Amid the ruins of Raqqa, a small red shop is bringing some color back to the city.
The al-Malik falafel restaurant, a culinary institution serving the city center for 40 years, finally reopened in early January.
The owners had fled during the four-month battle to expel the Islamic State group from the city. But they've now returned, and so have their customers.
Ammar Qattab, a restaurant owner, said "Our business is good, thank God. There is more and more work. There was a slowdown for a period, but since our return to the city work has resumed. "
Elsewhere in Raqqa, the same scenes are repeated: people recover what they can from damaged buildings, clearing and repairing their homes. Abdel-Sattar returned in early January to rebuild his house.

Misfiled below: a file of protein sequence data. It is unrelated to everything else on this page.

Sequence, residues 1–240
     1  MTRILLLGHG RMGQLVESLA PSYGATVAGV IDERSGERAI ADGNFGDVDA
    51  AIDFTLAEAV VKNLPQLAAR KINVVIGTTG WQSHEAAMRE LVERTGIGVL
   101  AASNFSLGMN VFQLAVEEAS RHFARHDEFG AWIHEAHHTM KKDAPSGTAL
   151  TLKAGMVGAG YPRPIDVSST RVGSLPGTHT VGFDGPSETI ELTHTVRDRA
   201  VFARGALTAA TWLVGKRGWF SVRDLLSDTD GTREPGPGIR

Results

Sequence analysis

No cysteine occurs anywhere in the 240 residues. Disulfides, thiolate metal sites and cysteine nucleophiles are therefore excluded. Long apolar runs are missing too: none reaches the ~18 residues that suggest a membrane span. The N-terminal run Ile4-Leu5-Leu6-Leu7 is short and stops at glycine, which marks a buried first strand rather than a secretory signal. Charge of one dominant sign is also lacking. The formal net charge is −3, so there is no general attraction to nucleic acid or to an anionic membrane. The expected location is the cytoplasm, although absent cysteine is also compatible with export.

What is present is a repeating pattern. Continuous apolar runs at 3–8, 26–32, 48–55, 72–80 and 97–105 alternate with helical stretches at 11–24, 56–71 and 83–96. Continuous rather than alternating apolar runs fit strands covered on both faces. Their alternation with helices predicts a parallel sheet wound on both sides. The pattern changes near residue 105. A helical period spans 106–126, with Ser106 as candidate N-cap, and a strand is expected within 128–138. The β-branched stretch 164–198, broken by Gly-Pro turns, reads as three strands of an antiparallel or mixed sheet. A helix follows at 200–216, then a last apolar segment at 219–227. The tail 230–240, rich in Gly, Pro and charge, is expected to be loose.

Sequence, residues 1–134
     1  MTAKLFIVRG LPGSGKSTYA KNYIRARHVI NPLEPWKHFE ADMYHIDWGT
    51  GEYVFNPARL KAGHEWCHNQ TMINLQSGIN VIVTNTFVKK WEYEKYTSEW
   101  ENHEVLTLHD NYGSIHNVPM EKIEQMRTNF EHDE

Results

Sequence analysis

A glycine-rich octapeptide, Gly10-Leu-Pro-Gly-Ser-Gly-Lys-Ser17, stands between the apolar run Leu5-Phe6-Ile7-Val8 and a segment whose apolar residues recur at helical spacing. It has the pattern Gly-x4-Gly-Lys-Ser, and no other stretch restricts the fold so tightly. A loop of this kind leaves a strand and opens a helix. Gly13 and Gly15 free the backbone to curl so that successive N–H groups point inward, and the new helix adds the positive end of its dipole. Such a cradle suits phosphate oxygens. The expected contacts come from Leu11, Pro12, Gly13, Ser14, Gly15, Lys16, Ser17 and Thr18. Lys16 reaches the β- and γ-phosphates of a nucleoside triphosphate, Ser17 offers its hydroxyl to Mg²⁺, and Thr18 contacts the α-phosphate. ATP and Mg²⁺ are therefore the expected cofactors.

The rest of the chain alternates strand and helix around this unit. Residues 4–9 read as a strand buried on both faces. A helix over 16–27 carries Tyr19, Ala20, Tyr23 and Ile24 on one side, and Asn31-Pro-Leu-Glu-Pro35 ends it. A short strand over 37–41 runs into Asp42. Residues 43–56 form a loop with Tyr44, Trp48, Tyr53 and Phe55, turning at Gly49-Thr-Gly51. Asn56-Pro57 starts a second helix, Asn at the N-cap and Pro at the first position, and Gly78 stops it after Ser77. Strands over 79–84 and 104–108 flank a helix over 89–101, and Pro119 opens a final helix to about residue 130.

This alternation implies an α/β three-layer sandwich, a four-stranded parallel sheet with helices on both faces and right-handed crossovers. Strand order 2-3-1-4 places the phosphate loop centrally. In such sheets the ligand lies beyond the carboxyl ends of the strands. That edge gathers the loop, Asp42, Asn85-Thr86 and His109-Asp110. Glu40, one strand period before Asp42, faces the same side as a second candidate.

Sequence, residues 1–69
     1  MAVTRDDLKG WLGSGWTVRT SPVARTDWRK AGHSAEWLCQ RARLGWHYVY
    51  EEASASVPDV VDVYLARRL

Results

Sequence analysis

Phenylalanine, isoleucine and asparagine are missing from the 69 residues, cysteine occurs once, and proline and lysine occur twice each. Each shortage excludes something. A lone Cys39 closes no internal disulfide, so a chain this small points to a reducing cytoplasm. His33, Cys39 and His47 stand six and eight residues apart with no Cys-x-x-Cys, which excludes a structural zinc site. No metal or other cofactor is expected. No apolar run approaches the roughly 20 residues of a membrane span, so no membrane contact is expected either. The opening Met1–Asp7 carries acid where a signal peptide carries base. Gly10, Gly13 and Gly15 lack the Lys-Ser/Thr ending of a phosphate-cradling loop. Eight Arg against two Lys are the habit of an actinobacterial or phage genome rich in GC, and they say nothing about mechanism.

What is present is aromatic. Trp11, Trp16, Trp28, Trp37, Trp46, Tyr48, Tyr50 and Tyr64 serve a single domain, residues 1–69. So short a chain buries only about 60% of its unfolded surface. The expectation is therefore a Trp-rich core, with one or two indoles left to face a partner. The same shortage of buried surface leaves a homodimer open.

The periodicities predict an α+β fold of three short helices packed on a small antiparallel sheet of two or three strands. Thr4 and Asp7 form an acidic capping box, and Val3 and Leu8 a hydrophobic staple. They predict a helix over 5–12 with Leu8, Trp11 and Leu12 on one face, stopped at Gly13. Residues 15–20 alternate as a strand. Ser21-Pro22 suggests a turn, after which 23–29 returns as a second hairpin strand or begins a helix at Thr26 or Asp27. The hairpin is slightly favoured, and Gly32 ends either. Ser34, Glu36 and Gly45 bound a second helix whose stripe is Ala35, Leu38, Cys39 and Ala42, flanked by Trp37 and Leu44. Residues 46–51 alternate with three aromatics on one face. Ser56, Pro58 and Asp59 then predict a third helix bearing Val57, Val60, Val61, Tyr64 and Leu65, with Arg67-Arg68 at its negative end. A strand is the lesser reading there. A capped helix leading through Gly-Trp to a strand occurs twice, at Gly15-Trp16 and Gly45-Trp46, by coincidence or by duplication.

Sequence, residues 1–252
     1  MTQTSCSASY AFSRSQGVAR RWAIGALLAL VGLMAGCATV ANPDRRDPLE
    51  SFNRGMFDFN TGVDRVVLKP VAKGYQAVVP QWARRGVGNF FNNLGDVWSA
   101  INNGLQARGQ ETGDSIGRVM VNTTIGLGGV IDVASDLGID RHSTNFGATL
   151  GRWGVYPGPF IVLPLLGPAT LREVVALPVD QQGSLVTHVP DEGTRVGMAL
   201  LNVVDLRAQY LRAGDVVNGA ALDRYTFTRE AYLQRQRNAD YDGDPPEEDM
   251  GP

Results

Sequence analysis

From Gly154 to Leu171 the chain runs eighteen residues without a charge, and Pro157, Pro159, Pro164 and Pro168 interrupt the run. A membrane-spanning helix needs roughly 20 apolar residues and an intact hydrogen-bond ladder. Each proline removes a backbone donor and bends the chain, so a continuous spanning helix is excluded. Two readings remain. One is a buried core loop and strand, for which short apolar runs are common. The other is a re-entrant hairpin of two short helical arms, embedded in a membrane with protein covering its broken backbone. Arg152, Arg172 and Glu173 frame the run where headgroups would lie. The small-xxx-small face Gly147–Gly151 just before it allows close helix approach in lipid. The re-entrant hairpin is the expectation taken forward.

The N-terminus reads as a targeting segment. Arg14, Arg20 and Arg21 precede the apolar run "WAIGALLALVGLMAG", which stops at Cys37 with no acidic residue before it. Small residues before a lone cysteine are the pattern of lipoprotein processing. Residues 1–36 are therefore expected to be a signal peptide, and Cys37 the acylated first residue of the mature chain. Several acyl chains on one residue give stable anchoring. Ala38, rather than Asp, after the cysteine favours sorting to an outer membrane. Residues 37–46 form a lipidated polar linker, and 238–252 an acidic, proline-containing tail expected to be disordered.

Abd el-Sattar al-Abid, a resident of Raqqa, said "Despite the danger, I entered the house with the construction workers.We went straight to work. We did not examine whether there were mines, unfortunately. We entered because we wanted to work so that we could live there. What can we do ? "
Public services like running water and electricity have yet to return to Raqqa, and generators are too expensive for most.
In the middle of winter, staying warm is a daily challenge.
Mohammed al-Amer, fuel salesman, said "Wood is the only alternative to oil. People are burning wood to stay warm. Those who don't have any burn mattresses or old furniture. People are in a terrible situation, God help them."
Those who returned to Raqa hoped for a better life there than in the IDP camps. But so far only a few hundred have taken their chances, and come home.
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